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Why I Became a Wildlife Veterinarian

Paula Castaño, an Island Restoration Specialist for Island Conservation and a trained wildlife veterinarian, shares with National Geographic how she is changing the world of conservation.

Why I became a wildlife veterinarian, and how that gave me power to change the world

Often as veterinarians, we tend to focus on the immediate impact we can have on an individual animal’s health. However, through my journey, I have realized that I did not have to only care for any one animal by providing clinical treatment, performing surgery or preventing it suffered from diseases, but I could also have a bigger impact by working in the field of conservation, saving species populations, restoring their ecosystems, and helping human communities cohabit in balance with nature.

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Paula caring for a Jaguar in the mountains of Colombia.

As a little girl growing up in Colombia, I dreamed I had the power to help animals. At that moment it wasn’t clear to me how I could do that. But with time, I realized that by becoming a veterinarian, I could indeed do just that.

Dr. Claudia Brieva, a wildlife veterinarian and my teacher at veterinary school, opened a world of new possibilities to me. She inspired me to work in a specialized, less-known field, to have a bigger impact. Through her mentorship, I realized that I did not want to work with the cute little puppy or expensive race horse, but instead with the enigmatic jaguar and swift Peregrine Falcon. So, I became a wildlife veterinarian.

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Paula preparing for surgery on a Bald Eagle. Credit: The Raptor Center

The Decision That Changed my Life

Since that day, my life changed. That decision took me over the years down an incredible path, with many unique experiences, from rehabilitating condors and jaguars in the remote mountains of my home country, Colombia, to helping raptors fly again in the U.S. Midwest, to preventing species extinctions and restoring ecosystems in the Galápagos Islands.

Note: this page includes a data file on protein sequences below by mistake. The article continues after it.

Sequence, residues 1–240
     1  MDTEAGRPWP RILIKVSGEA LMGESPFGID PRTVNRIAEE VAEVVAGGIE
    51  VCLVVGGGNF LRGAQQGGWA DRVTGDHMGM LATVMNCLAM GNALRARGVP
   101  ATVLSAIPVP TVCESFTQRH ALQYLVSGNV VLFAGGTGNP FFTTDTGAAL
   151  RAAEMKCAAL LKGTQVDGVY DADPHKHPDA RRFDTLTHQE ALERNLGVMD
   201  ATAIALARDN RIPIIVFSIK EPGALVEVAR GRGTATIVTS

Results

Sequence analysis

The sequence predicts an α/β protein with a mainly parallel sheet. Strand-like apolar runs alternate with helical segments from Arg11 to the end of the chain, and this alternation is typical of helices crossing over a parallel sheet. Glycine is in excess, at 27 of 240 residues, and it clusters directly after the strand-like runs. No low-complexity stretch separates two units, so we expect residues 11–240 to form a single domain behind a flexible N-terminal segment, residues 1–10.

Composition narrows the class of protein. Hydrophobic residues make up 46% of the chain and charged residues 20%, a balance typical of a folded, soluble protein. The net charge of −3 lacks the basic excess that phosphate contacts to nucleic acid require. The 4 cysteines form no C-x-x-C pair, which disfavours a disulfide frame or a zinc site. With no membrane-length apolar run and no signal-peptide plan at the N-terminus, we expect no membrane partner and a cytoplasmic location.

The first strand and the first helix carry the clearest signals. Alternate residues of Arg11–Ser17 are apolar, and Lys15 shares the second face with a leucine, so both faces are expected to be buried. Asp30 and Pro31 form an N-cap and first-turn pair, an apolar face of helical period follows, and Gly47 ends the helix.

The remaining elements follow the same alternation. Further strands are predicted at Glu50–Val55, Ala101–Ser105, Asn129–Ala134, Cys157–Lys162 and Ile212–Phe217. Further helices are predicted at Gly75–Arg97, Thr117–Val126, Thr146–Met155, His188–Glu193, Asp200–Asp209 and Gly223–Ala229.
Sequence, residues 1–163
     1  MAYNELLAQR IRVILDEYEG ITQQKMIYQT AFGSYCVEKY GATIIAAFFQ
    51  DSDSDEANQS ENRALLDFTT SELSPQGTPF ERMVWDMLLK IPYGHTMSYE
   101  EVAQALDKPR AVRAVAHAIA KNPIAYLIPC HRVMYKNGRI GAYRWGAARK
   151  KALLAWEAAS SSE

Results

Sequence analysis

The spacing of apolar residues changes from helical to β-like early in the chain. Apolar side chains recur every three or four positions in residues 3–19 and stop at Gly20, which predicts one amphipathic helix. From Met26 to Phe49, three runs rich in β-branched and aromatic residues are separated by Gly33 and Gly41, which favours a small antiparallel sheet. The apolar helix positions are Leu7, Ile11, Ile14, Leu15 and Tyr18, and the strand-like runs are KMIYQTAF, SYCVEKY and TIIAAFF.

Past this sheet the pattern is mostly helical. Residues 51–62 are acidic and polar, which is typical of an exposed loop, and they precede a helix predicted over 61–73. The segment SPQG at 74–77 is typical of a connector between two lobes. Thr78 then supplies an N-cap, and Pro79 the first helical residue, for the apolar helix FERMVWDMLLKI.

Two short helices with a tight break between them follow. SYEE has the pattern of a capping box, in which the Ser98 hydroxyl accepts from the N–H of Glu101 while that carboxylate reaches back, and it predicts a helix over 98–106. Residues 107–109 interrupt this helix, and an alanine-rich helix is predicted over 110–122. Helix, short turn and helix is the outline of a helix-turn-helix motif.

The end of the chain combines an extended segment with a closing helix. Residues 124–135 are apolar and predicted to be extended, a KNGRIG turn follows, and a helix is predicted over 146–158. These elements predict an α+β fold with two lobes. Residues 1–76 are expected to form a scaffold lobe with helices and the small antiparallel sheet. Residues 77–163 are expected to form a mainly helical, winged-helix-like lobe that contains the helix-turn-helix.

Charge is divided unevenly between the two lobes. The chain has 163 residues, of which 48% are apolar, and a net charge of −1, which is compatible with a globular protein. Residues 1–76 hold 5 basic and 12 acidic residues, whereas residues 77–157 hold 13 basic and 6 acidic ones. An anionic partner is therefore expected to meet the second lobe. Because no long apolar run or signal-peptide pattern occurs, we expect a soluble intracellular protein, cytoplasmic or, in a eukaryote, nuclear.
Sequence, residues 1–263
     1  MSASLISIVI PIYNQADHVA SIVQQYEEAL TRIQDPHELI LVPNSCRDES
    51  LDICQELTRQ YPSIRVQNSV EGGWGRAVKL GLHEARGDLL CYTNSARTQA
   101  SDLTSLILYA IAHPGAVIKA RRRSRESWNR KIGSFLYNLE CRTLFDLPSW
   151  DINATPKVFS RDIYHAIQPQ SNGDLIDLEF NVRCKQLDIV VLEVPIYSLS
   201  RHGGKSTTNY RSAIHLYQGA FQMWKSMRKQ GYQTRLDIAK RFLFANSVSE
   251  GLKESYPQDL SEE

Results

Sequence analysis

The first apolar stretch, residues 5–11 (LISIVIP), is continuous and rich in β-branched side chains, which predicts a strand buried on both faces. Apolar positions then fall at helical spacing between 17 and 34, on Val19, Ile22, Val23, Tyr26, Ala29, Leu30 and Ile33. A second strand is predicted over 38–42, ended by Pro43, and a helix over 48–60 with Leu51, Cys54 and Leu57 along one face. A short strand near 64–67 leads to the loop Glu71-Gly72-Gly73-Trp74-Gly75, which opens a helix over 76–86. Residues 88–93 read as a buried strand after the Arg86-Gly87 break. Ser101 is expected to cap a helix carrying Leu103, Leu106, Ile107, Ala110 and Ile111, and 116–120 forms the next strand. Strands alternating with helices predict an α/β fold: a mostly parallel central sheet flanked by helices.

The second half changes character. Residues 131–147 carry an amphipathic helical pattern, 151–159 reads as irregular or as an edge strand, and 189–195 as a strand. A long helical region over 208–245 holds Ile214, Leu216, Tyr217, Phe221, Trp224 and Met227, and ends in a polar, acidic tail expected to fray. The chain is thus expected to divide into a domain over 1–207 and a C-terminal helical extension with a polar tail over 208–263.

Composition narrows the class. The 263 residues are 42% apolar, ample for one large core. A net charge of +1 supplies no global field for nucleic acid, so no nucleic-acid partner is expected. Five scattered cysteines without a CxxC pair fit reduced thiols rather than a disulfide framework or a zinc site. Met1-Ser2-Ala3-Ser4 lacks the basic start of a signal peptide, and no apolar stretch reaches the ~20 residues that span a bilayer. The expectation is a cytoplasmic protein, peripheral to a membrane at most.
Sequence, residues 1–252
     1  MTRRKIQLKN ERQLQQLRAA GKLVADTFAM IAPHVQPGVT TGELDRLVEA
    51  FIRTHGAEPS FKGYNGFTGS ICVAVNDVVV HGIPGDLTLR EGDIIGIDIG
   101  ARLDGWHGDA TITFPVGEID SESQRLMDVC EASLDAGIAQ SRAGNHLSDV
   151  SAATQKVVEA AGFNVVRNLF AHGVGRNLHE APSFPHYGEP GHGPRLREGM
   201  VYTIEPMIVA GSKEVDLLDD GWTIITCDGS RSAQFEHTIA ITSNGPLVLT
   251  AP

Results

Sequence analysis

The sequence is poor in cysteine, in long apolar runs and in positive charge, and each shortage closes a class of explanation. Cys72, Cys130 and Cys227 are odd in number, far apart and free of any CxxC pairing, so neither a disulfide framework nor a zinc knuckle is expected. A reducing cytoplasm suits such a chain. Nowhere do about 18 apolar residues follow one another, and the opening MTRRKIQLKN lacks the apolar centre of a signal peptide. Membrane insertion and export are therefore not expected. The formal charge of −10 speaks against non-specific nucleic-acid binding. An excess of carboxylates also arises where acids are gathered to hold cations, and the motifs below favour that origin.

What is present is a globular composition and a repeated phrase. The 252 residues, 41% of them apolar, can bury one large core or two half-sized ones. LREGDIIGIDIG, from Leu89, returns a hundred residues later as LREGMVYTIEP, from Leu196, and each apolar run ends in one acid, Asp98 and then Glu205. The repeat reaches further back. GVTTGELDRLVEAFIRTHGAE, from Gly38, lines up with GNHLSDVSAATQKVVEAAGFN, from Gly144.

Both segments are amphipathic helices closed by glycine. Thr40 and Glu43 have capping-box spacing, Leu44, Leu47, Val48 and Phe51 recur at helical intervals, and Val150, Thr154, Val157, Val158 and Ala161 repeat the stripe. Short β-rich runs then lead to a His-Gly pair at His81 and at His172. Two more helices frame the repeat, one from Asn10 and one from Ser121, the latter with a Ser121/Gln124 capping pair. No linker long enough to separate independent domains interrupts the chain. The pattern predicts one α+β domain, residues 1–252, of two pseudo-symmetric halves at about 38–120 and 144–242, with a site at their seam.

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Paula releasing a juvenile Galápagos Hawk on Santiago Island. Photo credit: Paula A. Castaño/Island Conservation

My career path, and those of other successful wildlife veterinarians like Dr. Brieva, are examples of the broadening and important role that wildlife veterinarians have in conservation, but also in the context of our global and changing society. It is also a good representation of what it means to work in the field of conservation medicine and take this approach to global health and biodiversity conservation. With my experience and this story, I look to inspire young veterinarians to dream big and know that the sky is the limit.

Featured photo: Paula on Pinzón Island. Credit: Wilson Cabrera
Originally published in National Geographic

About Paula Castaño

Paula A. Castaño is a wildlife veterinarian with an MSc in conservation medicine and a background in raptor medicine and island restoration. Since 2013, she has been working in the Galápagos Islands with Island Conservation, providing technical assistance to the Galápagos National Park to prevent extinctions and restore Galápagos ecosystems. Currently she is involved in the Floreana Island Ecological Restoration Project as a Native Species Specialist and coordinates all environmental aspects of the project, including species reintroduction.

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